Q. Still: what has begun to turn the tide a bit at SEWRPC, as seen in its last-minute agreement to indeed add a socio-economic analysis to the water study?
A. Grassroots political pressure, and legal action.
So let's take a look at that.
In 2007, following a contentious federal certification public hearing in 2004, SEWRPC finally established an Environmental Justice Task Force to ensure more formal participation from low-income and minority groups.
The certification gives SEWRPC the right to approve certain federal transportation spending in Milwaukee, Waukesha, Washington, Ozaukee, Racine, Kenosha and Walworth Counties; it gives SEWRPC power and prestige, and the certification, renewed every four years, provides an opening for public comment.
The 2004 hearing was so long and caustic that the SEWRPC and the feds tried, unsuccessfully, to substitute quiet, one-on-one statements to officials by aggrieved citizens instead of an open microphone at the 2008 review last fall.
More about that in a minute.
The task force, once established, and grasping quickly why it had been set up, began to push for the inclusion of socio-economic analyses, by outside contractors, in all SEWRPC studies, beginning with the water study.
After balking initially, SEWRPC leadership agreed.
No doubt because it knew if it kept saying "no," legal action was coming, and it would hard to explain why it had created an environmental justice outreach arm, but then wouldn't take the task force advice.
Further driving change inside SEWRPC: two federal civil rights complaints - - still pending.
These complaints were filed in 2008 with federal agencies over long-standing allegations of discriminatory hiring (only a handful of minorities in its planning, engineering and management ranks), committee appointments (such as the water advisory committee's membership) and planning activities ( such as SEWRPC's advocacy for a $25 million rural Interstate highway interchange to a proposed - - and still-delayed shopping mall located amidst stalled subdivisions on open land in Western Waukesha County called Pabst Farms).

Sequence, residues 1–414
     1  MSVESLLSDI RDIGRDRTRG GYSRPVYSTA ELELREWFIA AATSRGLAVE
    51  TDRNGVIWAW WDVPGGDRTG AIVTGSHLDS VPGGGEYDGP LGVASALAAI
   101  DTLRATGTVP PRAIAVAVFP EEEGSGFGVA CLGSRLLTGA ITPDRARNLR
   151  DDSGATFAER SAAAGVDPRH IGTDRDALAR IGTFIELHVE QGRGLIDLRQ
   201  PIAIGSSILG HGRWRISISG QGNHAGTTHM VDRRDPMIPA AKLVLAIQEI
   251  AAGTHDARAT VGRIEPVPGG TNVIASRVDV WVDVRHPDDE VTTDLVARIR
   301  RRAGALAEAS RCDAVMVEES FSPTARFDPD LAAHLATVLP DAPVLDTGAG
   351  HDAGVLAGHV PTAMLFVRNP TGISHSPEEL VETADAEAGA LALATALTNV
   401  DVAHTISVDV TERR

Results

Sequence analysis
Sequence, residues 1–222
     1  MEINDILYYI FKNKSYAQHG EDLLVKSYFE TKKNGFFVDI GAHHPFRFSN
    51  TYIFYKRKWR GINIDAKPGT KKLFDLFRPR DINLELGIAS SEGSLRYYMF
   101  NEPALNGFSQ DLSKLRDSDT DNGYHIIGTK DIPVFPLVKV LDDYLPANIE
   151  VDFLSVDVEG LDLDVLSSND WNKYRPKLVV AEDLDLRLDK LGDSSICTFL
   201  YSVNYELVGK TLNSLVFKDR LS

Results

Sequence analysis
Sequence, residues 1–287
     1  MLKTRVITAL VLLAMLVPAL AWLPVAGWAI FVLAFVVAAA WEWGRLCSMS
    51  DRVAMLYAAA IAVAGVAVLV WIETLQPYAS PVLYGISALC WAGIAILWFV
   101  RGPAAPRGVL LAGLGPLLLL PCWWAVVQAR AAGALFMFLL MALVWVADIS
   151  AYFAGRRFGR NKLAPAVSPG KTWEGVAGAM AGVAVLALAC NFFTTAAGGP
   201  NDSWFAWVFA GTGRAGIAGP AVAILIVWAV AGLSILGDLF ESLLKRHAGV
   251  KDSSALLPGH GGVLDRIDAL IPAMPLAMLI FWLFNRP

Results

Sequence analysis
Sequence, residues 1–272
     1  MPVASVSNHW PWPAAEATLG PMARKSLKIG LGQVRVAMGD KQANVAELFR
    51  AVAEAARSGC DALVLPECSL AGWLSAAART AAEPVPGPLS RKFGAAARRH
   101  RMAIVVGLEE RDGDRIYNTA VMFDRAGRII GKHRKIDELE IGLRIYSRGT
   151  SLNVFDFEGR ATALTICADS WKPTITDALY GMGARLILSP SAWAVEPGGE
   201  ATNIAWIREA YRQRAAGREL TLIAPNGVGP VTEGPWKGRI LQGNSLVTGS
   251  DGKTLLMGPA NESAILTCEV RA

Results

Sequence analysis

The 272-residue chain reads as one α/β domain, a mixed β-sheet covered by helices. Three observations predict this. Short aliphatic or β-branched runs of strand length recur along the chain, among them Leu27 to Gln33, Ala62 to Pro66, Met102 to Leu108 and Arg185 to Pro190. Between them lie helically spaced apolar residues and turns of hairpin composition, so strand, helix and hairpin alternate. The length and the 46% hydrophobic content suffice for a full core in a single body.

The complaints could lead to penalties, and orders for remedial actions, and could help explain why the 2008 federal certification has not been completed.
Federal officials tell me that the review should be made public by the end of May.
Furthermore, the City of Milwaukee Common Council approved last year a resolution asking the legislature to reconfigure SEWRPC's structure because the city has no representation on the Commission's 21-member board.
Milwaukee County's Board of Supervisors passed a separate resolution asking the state to audit SEWRPC's performance; both the city and county are unhappy that SEWRPC gets a big chunk of Milwaukee city and county property tax dollars annually (about $840,000, or more than a third of its operating budget), but gets relatively small benefit from at what is essentially a suburban/exurban agency.
I still believe that Milwaukee and its people suffer every day they are confined in this insular, hide-bound (founded in the 1960's, its only two previous executive directors still work there as consultants) regional agency, and have made that argument on this blog and in the Journal Sentinel.
State legislation is needed to establish a new, urban-focused planning agency that would represent Milwaukee, and other areas with urban populations and needs.
Milwaukee and other urban legislators: What are you waiting for?